Age-period-cohort analysis: An extension of Cox's lifetable regression with time-dependent covariates
It is well known that an identification problem exists in the analysis of age-period-cohort data because of the relationship among the three factors (date of birth + age at death = date of death). There are numerous suggestions about how to analyze the data. No one solution has been satisfactory. The purpose of this study is to provide another analytic method by extending the Cox's lifetable regression model with time-dependent covariates. The new approach contains the following features: (1) It is based on the conditional maximum likelihood procedure using a proportional hazard function described by Cox (1972), treating the age factor as the underlying hazard to estimate the parameters for the cohort and period factors. (2) The model is flexible so that both the cohort and period factors can be treated as dummy or continuous variables, and the parameter estimations can be obtained for numerous combinations of variables as in a regression analysis. (3) The model is applicable even when the time period is unequally spaced. Two specific models are considered to illustrate the new approach and applied to the U.S. prostate cancer data. We find that there are significant differences between all cohorts and there is a significant period effect for both whites and nonwhites. The underlying hazard increases exponentially with age indicating that old people have much higher risk than young people. A log transformation of relative risk shows that the prostate cancer risk declined in recent cohorts for both models. However, prostate cancer risk declined 5 cohorts (25 years) earlier for whites than for nonwhites under the period factor model (0 0 0 1 1 1 1). These latter results are similar to the previous study by Holford (1983). The new approach offers a general method to analyze the age-period-cohort data without using any arbitrary constraint in the model.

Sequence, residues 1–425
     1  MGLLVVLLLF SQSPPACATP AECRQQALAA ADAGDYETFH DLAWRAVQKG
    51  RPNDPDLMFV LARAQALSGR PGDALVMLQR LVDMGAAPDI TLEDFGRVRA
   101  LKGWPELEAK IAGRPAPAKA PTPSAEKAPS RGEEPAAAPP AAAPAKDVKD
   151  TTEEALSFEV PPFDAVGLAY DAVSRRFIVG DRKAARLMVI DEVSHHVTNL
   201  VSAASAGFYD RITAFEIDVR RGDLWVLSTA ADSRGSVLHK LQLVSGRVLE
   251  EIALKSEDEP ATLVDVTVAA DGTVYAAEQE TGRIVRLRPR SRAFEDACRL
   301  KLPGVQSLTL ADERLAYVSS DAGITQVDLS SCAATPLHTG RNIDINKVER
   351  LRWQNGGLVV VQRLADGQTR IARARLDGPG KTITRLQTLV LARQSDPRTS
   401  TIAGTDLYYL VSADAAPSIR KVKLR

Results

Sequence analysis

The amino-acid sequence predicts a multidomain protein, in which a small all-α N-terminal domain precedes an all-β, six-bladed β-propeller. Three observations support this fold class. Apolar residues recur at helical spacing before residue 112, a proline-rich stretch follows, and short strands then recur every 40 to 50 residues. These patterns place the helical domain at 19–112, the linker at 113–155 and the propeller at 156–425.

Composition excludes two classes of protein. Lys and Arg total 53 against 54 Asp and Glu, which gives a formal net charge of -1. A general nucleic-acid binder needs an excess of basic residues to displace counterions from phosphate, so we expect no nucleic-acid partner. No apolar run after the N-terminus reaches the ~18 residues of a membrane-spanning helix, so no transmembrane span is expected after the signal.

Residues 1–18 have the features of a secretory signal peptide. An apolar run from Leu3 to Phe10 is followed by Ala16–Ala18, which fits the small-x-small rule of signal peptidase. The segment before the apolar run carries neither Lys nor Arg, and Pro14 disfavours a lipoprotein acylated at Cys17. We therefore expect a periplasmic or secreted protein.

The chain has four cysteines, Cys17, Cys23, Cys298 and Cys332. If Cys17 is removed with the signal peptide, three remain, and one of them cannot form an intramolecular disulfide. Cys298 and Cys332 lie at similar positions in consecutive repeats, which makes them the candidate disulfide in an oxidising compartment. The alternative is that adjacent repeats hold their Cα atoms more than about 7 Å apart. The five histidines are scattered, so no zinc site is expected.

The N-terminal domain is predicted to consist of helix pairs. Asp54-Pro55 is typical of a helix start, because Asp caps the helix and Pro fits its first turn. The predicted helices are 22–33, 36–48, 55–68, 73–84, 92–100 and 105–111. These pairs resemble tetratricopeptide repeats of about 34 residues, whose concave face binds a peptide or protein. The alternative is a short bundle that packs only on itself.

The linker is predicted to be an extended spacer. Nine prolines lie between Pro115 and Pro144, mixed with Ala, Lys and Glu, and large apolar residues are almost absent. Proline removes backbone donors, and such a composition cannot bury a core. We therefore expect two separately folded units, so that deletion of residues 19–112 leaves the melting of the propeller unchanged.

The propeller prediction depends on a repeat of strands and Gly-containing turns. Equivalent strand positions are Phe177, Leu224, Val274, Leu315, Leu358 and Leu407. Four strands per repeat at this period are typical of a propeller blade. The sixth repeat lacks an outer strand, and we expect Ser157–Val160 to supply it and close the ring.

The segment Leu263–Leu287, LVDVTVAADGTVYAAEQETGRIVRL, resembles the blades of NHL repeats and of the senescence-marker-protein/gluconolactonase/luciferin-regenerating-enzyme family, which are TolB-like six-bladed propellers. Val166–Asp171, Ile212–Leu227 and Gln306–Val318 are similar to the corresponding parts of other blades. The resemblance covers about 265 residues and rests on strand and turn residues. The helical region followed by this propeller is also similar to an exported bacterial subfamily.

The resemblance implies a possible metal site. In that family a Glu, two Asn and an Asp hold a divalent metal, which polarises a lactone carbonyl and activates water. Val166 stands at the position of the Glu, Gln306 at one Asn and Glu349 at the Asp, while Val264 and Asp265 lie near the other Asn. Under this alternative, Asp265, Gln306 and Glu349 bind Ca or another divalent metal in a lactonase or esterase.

Lin, Cheng-Hsiang, "Age-period-cohort analysis: An extension of Cox's lifetable regression with time-dependent covariates" (1988). Texas Medical Center Dissertations (via ProQuest). AAI9020180.